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Ephedrine in Veterinary Medicine

Alicia M Skelding, BSc Agr, DVM, MSc, DVSc, DACVAA

Assistant Professor, Veterinary Anesthesiologist

Michigan State University, College of Veterinary Medicine

Sympathomimetic drugs are agents that mimic the effect of the sympathetic nervous system in the body. They exert their effects by interacting with adrenergic receptors that exist throughout the body. The adrenergic receptors are of two main types, α adrenergic receptors (α1, α2 subtypes) and β adrenergic receptors (β1, β2, β3 subtypes). In veterinary species, sympathomimetic drugs are commonly used to provide cardiovascular support. Specific to veterinary patients under general anesthesia, they are very often used to combat hypotension -arguably the most common anesthetic complication. 

There are a number of sympathomimetics that are frequently used in veterinary patients, chosen often for their specific effects on the adrenergic receptors and consideration for the species in question. The most common sympathomimetics are epinephrine, norepinephrine, dopamine, dobutamine, ephedrine, phenylephrine, and isoproterenol.  

Ephedrine is a synthetic, mixed-acting, non-catecholamine that differs from most sympathomimetics in administration in that it can be administered as a single intravenous bolus, as well as a constant rate infusion. Ephedrine elicits sympathomimetic effects two ways; directly by stimulating adrenergic receptors and indirectly by increasing the norepinephrine concentration at sympathetic nerve terminals by competing for its reuptake. Studies suggest that ephedrine at clinical doses has more activity at β adrenergic receptors, more often increasing contractility, heart rate and decreasing systemic vascular resistance. As previously mentioned, ephedrine can be administered as a bolus dose because its duration of action can last for 15–20 minutes. One of the negative aspects of using ephedrine is that repeated doses can result in a diminished response to successive doses (tachyphylaxis) due to catecholamine depletion and/or replacement of the endogenous norepinephrine with ephedrine at the presynaptic nerve terminal, especially with high doses.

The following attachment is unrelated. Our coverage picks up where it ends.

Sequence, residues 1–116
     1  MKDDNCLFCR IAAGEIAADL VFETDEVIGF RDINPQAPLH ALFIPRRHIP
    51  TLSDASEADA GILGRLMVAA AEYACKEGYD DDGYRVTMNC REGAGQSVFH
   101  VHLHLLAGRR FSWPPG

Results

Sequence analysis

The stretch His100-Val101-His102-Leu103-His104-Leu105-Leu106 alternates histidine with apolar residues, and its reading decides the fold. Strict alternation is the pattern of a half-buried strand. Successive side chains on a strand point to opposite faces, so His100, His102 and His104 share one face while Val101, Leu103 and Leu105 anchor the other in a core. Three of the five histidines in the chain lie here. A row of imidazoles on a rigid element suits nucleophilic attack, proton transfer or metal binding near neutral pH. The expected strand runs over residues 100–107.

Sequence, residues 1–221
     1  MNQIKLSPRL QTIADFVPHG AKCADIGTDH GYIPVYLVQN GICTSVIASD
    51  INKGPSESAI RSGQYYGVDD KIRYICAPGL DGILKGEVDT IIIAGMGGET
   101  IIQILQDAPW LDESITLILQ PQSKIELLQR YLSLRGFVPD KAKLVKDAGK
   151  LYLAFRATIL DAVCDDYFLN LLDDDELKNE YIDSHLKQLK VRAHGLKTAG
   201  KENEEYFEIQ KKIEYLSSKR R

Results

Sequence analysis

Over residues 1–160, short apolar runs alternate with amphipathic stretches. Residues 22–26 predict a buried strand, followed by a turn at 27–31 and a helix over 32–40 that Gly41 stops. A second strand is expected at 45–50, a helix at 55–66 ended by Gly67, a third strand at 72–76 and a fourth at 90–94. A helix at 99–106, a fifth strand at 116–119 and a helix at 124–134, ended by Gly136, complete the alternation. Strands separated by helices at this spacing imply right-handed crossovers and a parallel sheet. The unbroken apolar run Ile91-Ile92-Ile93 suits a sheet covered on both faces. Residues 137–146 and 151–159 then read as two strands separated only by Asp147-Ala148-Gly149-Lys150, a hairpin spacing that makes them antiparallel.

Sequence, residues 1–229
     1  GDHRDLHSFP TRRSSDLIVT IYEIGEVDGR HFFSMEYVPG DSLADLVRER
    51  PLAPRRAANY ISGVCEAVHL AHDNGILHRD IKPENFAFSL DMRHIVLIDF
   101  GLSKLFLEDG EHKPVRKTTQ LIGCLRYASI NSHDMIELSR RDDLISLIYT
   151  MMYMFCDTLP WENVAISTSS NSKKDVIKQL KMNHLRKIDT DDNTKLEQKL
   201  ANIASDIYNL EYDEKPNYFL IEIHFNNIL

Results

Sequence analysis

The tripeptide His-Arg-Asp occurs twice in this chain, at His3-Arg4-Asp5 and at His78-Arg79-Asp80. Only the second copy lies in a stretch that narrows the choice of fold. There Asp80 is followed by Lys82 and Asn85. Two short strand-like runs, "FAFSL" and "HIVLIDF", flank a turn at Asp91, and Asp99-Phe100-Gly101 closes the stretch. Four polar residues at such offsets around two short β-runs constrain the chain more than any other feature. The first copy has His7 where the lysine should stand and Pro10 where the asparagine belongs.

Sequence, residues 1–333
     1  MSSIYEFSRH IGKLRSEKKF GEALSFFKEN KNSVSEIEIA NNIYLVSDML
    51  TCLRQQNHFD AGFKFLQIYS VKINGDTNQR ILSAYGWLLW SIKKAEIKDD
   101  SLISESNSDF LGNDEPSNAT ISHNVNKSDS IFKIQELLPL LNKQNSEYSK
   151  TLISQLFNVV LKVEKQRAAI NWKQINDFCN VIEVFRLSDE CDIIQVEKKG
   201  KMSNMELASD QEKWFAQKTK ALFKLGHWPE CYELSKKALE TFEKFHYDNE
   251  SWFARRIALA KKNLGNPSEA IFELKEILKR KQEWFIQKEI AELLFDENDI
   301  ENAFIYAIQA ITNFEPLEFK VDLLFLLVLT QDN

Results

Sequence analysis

There are a small number of studies evaluating the use of ephedrine in veterinary species; namely dogs, cats and horses. In clinical cases of hypotension in isoflurane-anesthetized dogs, ephedrine administered as a single intravenous bolus resulted in increases in mean arterial pressure and heart rate that lasted approximately five minutes. A repeat dose ten minutes later was ineffective at further improving heart rate or blood pressure. In cats, intramuscular ephedrine has been found to be successful at maintaining systolic arterial pressure close to baseline following premedication as well as delaying the onset of hypotension following inhalant anesthesia. In horses, a constant rate infusion of ephedrine has been found to be effective in treating hypotension by improving cardiac output and not affecting heart rate.

The clinical dose range for ephedrine when administered as an intravenous bolus is 0.06-0.2 mg/kg in dogs and cats, and 0.03-0.06 mg/kg in horses. When used at a constant rate infusion, 10-20 μg/kg/minute is a reasonable dose range, although only studied in horses.

Unfortunately, the use of ephedrine across other veterinary species has not been well studied. Perhaps this is attributed to more interest in other agents that are commonly administered as constant rate infusions. Ephedrine is a reasonable choice of sympathomimetic for an initial improvement in mean arterial pressure or where constant rate infusion administration is not possible. It should be kept in mind that the improvement in mean arterial pressure, specifically in dogs and cats, seems to be very transient and further cardiovascular support may need to be added.


Chen et al. (2007) Use of ephedrine and dopamine in dogs for the management of hypotension in routine clinical cases under isoflurane anesthesia. VAA 34, 301–311.

Ebert. (2013) Autonomic nervous system pharmacology, Pharmacology and Physiology for Anesthesia Foundations and Clinical Application. 1st Edn. Elsevier Saunders, Philadelphia, PA, USA, pp. 218–233. 

Egger et al. (2009) Efficacy of preanesthetic intramuscular administration of ephedrine for prevention of anesthesia-induced hypotension in cats and dogs. CVJ 50, 179–184. 

Skelding and Valverde (2020) Sympathomimetics in Veterinary Species. The Vet J 258, 105455

Takasaki et al. (1972) Tachyphylaxis of indirectly acting sympathomimetic amines. The Kurume Medical Journal 19, 1–10. 

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1 Comment

Dr Skelding, Thanks for this nice summary of the use of ephedrine to treat hypotension during anesthesia. I would like to add one detail of clinical importance. Different than catecholamine-sympathomimetics, ephedrine crosses the blood brain barrier and excites the central nervous system. It increases MAC of inhalant anesthetics (Steffey et al. 1975) and can facilitate movement in patients at a light plane of anesthesia. This is particularly concerning in horses.

Steffey EP, Eger EI. The effect of seven vasopressors of halothane MAC in dogs. Br J Anaesth. 1975 Apr;47(4):435-8. doi: 10.1093/bja/47.4.435. PMID: 237518.

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